‘Tis the Season for Environmentally Friendly Cooling

It used to be a fairly inexpensive fix to charge your air conditioning system with Freon®, or R-22, refrigerant. Just a few pounds of the refrigerant, and your unit would make it through yet another sweltering summer. R-22 was plentiful, and that made it easy for us to recharge your system and get you up and running again. But, the days of low-cost recharge repairs are going by the wayside. Most air conditioning systems more than five years old use R-22 refrigerant – and it’s being phased out.

The reason for this is because R-22 refrigerant contains chlorofluorocarbons, or CFCs. The Environmental Protection Agency has targeted products containing CFCs for phase-out, because they have been found to cause damage to the earth’s ozone layer. Each year, the availability of R-22 for air conditioning repair becomes more and more scarce, and by 2020, there will be no new R-22 on the market. Following the laws of supply and demand, it becomes pretty clear that R-22 is becoming a costly commodity.

What does this mean for T.F. O’Brien as an air conditioning contractor, and for me as a consumer?

The bottom line is, the government doesn’t want consumers or contractors to use R-22. Prices for the refrigerant have increased upwards of 200-300 percent since 2010, and they’re only expected to keep increasing. Part of the EPA’s strategy is to encourage homeowners to repair leaks or replace systems rather than continue to add more R-22 refrigerant. Making it costly to continue to pump R-22 into a leaky system – and into the environment – is one way the EPA is encouraging a conversion to newer equipment.

So, the EPA is just trying to make consumers purchase new systems?

In a nutshell – yes. But this isn’t necessarily a bad thing, for you or for the environment. New air-conditioning systems use R-410A, which is more environmentally friendly than R-22 and doesn’t deplete the ozone layer. Not to mention, new air conditioning systems have improved by leaps and bounds when it comes to energy efficiency – even the lowest efficiency systems of today use significantly less energy than the best models used just a few years ago. Depending on the age and condition of your current system, you could be looking at a savings on your utility bills that nearly covers the cost of your payments on a new system.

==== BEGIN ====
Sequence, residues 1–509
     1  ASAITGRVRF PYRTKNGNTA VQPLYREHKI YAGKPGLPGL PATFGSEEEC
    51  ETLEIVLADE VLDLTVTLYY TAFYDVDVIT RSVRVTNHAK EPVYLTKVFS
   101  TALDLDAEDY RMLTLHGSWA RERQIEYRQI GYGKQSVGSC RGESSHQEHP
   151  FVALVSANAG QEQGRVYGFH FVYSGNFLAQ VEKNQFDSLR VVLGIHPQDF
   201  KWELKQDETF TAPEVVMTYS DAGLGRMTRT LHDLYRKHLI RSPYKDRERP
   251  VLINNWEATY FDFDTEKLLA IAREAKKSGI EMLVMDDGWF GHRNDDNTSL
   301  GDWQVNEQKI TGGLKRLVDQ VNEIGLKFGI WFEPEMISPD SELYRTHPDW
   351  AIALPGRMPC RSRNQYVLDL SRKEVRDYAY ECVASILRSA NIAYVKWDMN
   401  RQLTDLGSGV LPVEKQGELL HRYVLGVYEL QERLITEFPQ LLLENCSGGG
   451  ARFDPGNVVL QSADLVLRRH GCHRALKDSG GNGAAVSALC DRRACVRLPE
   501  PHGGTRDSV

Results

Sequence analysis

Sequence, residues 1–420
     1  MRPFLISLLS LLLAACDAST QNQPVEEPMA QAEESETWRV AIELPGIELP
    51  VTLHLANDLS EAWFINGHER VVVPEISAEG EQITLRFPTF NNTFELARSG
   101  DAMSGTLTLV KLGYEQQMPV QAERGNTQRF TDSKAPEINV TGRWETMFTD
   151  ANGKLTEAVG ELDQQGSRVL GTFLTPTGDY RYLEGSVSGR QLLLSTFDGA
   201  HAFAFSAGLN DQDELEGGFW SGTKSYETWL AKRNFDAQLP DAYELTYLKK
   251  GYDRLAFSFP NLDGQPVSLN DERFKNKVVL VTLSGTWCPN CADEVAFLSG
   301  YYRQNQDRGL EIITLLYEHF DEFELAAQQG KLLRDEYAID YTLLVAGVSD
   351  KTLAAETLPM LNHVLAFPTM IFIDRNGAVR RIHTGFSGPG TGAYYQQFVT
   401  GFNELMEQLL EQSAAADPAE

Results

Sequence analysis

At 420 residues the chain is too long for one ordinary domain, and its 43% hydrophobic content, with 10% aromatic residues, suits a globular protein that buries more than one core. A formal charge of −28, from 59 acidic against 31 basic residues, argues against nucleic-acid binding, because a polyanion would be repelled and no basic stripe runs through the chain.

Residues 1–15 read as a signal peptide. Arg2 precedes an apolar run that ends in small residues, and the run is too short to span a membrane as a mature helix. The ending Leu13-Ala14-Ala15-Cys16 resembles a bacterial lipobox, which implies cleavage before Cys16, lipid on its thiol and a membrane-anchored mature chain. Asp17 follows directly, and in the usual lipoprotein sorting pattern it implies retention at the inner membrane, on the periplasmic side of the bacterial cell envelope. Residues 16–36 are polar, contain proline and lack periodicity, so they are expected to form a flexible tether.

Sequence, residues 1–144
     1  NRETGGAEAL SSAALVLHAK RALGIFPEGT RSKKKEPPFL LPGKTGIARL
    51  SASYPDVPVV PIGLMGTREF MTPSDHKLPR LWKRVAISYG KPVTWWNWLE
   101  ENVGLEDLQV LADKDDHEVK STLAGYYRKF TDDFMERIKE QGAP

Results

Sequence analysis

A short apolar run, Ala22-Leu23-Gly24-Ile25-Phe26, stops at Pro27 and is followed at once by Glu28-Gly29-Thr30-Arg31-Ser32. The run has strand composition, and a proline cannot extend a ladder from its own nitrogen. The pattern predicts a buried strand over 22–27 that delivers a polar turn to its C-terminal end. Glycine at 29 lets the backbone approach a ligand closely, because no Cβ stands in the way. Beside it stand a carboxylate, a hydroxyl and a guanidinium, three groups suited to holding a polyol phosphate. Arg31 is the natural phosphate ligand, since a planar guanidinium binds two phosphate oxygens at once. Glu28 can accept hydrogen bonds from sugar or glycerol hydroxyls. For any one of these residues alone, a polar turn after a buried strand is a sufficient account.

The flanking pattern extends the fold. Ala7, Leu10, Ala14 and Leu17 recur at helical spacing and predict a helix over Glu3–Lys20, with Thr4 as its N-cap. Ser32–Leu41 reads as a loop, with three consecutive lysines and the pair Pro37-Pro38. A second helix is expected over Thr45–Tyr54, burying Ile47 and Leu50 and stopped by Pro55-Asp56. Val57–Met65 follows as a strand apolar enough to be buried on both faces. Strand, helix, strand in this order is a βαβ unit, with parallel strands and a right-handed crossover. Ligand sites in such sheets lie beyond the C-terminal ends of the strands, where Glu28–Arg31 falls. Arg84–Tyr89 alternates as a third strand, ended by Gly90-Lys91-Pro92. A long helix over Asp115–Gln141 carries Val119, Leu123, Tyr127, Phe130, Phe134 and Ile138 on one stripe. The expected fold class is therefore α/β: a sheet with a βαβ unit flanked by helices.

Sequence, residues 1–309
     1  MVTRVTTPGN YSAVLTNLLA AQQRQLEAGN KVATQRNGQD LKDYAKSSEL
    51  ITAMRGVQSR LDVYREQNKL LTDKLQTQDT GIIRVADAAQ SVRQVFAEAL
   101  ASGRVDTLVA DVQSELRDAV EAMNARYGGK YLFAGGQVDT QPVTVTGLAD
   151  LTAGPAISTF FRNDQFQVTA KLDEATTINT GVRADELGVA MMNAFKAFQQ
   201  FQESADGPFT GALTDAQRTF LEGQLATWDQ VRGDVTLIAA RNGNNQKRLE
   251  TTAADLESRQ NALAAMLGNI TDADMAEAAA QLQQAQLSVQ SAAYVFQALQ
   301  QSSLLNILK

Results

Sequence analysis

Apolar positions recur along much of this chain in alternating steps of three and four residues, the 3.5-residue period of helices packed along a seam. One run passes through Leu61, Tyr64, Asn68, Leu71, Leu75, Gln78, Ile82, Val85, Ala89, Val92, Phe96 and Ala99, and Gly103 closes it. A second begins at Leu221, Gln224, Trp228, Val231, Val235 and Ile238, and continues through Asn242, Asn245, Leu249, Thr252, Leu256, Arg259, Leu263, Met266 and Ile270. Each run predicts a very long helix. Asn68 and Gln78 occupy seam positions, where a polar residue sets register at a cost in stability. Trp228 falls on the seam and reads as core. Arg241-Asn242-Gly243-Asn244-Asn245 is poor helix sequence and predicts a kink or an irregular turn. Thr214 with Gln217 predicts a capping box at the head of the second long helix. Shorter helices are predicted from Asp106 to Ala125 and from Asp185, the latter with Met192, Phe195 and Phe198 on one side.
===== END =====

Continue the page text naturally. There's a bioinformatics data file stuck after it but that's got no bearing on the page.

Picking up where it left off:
Why not just recharge my system with R-410A then?

Simply put, you can’t. These two refrigerants are not compatible and should never be mixed. All the parts inside new systems have been engineered to function with R-410A refrigerant, and use different pressures, configurations, coil sizes and types of metal. Adding R-410A to an old system can be dangerous, and at the very least would completely ruin your air conditioner.

How can T.F. O’Brien help me?

We want you to know we’re professionals, and it’s a fine line for us to give our customers the best possible repair services and replacement options, given the changing government mandates and the expense of materials. The fact is, your air conditioning system, especially if it’s an older one, is going to break down eventually, no matter how well you maintain it. A new home comfort system is not something that’s necessarily exciting, like a new car or boat, but it is something you use daily and rely on. We just want to make sure you know you can trust us to provide you with the best system on the market today – and one that is compatible with government regulations and energy guidelines.

If you’d like to know more about the R-22 phase-out, visit the EPA online by clicking here.

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